Wednesday, May 18, 2011

Flower Hunt Yields Hidden Treasure

We actually had a few hours today with no rain! My friend Sue and I made the most of this brief dry spell to go flower hunting along the Warren County Bike Path near Glen Lake. Sue, who lives nearby in Queensbury, had been checking the swelling buds on these Yellow Lady's Slippers all week, and today we found them in glorious full bloom. And lots of them. What a treat! Here's a perfect pair, just waiting for that Lady to Slip on her feet.




We even found twin flowers on a single stalk -- VERY unusual!




The bike trail near Glen Lake is a real hot spot for Nodding Trillium, a flower that is disappearing from parts of its range, according to the New York Flora Association, which last year put out a call to search for them. Well, we found lots of them. And as this photo demonstrates, they aren't that easy to find, with their flowers hiding under their leaves, and the whole plant hiding under other vegetation.




It's worth the effort to get down on the ground and peer up at the hidden flower, with its lavender stamens and curlicue styles.





Those two were the rarest flowers we found today, but we also encountered many other plants to delight us, even though they may have been as common as this grape vine, whose flower buds mimic the shape and color of the fruit yet to come.




When Staghorn Sumac first sprouts new leaves from its red-velvet stalks, it conveys an aspect of some exotic plant, seeming as out of place in this northern swamp as a tropical palm would be.




Striped Maple today was dangling its strings of dainty green flowers that swayed with the slightest breeze.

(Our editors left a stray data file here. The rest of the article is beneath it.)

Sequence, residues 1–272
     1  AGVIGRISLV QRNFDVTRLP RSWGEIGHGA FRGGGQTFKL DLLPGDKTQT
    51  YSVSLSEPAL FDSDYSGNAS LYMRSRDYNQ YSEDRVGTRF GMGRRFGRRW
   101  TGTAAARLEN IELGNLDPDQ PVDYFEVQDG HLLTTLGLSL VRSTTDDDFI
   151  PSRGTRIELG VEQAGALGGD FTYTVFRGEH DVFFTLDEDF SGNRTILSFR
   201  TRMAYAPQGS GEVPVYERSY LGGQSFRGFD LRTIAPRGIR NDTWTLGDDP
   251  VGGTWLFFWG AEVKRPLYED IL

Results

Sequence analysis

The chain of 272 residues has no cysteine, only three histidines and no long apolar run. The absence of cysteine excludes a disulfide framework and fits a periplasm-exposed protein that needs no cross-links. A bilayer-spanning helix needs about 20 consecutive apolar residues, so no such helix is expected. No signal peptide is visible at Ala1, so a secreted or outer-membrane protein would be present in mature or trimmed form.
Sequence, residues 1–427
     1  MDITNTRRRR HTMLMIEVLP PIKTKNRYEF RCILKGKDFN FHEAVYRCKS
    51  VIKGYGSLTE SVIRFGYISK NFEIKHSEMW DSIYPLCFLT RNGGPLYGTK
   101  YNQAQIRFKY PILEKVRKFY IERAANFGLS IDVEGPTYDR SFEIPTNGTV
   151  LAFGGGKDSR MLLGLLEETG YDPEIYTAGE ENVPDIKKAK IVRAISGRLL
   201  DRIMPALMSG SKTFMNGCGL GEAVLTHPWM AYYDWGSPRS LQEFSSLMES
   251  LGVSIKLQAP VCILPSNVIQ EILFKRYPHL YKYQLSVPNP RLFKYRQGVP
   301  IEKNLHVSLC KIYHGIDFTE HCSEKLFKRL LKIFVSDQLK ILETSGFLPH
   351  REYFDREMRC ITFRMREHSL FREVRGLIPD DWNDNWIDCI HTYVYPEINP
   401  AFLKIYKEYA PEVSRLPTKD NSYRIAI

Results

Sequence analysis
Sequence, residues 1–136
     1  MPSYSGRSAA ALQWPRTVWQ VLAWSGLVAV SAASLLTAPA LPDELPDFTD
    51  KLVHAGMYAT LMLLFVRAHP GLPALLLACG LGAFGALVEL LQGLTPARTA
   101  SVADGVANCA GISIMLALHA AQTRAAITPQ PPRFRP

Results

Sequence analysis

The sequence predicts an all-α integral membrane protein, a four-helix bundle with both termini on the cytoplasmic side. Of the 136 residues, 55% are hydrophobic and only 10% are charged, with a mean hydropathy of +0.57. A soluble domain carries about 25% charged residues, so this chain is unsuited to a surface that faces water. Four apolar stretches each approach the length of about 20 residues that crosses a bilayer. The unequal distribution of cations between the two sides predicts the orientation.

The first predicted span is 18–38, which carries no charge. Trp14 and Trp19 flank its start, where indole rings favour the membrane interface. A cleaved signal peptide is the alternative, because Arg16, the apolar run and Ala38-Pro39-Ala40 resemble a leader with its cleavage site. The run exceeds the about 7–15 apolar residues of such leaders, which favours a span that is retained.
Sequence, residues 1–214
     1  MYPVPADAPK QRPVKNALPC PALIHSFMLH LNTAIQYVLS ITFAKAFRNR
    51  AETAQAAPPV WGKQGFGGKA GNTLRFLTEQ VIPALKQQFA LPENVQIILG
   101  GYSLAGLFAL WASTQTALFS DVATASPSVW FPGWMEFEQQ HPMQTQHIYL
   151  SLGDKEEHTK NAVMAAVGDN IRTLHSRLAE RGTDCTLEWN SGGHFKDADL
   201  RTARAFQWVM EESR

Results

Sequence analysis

Such a pretty array of tiny mushrooms sprouted along a moss-covered log.




On my way home, I stopped off at Orra Phelps Nature Preserve in Wilton to look for Star Chickweed. One of our few native chickweeds and a rather uncommon one, this little white flower was sparsely blooming amid its masses of foliage along a high ridge. As with all chickweeds, each of its five petals is so deeply cleft, it seems to have ten petals, not five.


8 comments:

LindaCO said...

I have your blog in my feed and I have so enjoyed the pictures, especially this spring. I live in CO, but grew up in Ohio, where we had a lot of the same plants. Thanks for the dose of nature.

threecollie said...

You post sure made me smile today! I love learning from you about our native flora, plus the scent of wild grapes in bloom is my favorite in the world. Delighted to see that it won't be long now.

Carolyn H said...

I love those yellow lady's slippers. Here, we have pink ones but never very many.

hikeagiant2 said...

Your blog is always a reminder to get out and look closely - and a delight!

Woodswoman Extraordinaire said...

Oooh! I so love Lady's Slippers. I think I can remember every single time I've ever found them. I recall those moments of discovery with a little pang, almost like homesickness. I guess their rarity is part of their appeal.

Pauline said...

such beautiful photos - there used to be lady slippers, pink ones, in the woods of my childhood but I haven't seen any lately. Thanks for sharing yours!

Woodswalker said...

Thank you, dear readers, for stopping by to leave your kind comments. Knowing you like to accompany me on my nature adventures is a huge part of the pleasure I get from keeping this blog.

DomestiKook said...

I was reading a book that mentioned lady slippers growing in a hay field. I had no clue what lady slippers looked like so I took to google and here I am! Thank you so much for the fantastic pictures, they are a truly beautiful flower.